More U.S. Protestant churches are gathering in person since the COVID-19 pandemic began, and pastors say most churchgoers have returned as well.
Almost all U.S. Protestant pastors (98 percent) say their church met in person in August, according to a new Lifeway Research study. This marks the highest percentage of churches holding in-person services since March 2020, when COVID-19 became a national health issue.
During the first week of March last year, 99 percent of Protestant churches met in person. By the end of the month, only 7 percent did so, according to a previous Lifeway Research study. A majority of churches didn’t start holding in-person services again until June 2020. By September 2020, 87 percent met physically, but that dropped to 76 percent in January 2021, according to Lifeway Research studies. In August 2021, however, only 2 percent of churches did not meet in person at all.
“Every church’s path has been different during the pandemic, and each stage of resuming specific aspects of ministry is significant,” said Scott McConnell, executive director of Lifeway Research. “Worshiping together as a physical assembly of believers in Jesus Christ is an important element of the Christian faith. For almost all Protestant churches, this stage of ministry is now active again, though other aspects of ministry may not be.”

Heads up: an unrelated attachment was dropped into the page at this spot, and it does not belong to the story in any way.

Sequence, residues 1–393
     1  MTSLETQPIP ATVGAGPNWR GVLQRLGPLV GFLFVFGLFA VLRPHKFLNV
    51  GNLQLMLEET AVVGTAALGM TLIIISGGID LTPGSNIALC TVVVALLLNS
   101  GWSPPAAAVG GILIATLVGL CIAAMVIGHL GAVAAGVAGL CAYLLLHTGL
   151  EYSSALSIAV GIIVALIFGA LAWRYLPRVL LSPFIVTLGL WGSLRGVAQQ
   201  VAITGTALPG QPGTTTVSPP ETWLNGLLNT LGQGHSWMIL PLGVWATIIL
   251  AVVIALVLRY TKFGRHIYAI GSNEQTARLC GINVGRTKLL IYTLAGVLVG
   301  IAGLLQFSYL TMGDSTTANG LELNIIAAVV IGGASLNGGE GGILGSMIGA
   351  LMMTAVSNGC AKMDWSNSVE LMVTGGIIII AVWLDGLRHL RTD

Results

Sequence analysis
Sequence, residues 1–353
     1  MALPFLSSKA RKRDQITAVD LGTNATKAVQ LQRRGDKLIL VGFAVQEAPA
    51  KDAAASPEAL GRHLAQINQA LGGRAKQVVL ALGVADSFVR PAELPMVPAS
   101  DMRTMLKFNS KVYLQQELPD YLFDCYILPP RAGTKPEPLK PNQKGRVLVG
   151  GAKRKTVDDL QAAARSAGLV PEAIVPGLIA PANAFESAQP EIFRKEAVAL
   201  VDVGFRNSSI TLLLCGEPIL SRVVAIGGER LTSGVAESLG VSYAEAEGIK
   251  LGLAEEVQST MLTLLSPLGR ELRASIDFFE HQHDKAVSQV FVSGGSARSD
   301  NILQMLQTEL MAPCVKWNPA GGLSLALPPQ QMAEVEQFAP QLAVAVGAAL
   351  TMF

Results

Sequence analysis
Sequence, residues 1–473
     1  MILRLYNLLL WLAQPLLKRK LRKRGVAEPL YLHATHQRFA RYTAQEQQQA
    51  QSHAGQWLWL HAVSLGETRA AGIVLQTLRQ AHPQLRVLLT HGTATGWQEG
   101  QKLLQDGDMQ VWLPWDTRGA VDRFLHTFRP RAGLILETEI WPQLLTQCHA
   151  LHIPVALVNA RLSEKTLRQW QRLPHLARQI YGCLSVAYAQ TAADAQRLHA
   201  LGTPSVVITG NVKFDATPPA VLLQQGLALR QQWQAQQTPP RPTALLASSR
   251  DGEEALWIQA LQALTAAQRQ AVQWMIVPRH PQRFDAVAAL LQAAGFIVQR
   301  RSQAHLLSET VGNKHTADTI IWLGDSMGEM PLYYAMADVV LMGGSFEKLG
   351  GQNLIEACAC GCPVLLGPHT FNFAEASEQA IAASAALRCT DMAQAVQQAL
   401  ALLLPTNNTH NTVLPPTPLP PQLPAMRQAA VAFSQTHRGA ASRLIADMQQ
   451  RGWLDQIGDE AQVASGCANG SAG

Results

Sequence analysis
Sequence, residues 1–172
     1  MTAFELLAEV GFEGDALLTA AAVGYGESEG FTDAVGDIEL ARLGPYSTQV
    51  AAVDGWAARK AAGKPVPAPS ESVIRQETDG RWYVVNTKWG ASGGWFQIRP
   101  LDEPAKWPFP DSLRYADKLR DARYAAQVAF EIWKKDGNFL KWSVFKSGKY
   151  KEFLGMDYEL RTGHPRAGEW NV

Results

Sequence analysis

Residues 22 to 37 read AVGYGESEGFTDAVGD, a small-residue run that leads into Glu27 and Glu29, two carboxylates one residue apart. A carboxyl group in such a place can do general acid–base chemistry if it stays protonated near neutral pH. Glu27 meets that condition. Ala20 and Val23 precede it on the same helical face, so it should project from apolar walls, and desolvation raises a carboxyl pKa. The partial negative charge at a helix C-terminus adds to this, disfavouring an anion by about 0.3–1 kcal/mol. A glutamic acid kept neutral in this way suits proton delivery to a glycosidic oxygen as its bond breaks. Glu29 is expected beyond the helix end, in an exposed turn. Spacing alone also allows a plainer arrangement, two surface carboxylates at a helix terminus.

Return of the Churchgoer?
Earlier this year, even as fewer churches held in-person services, 91 percent of churchgoers told Lifeway Research they planned on attending church services as much as they did prior to the pandemic or even more once COVID-19 was no longer an active threat to people’s health.
By September 2020, U.S. Protestant pastors reported most churchgoers had returned. The average church drew 63 percent of their pre-pandemic attendance levels. That dipped slightly in January 2021 to 60 percent. By August, the average pastor saw 73 percent of their church members in person on Sunday morning.
“Worship attendance is improving, but there is still a large gap between today’s in-person attendance and pre-COVID levels,” McConnell said.
While some churches are still below 50 percent of their January 2020 attendance levels, others report growing during the pandemic. Almost 1 in 8 (13 percent) say they had less than half of their pre-COVID-19 crowd in August. That percentage is down substantially from earlier in the pandemic. In both September 2020 and January 2021, more than 1 in 4 churches had less than half their normal Sunday morning crowds.
A plurality of pastors (35 percent) report attendance between 50 percent and 70 percent in August 2021. For 30 percent of pastors, late summer congregations were 70 percent to less than 90 percent. Another 1 in 8 (13 percent) were 90 percent to 100 percent of their previous levels.
— Aaron Earls is a writer for Lifeway Christian Resources.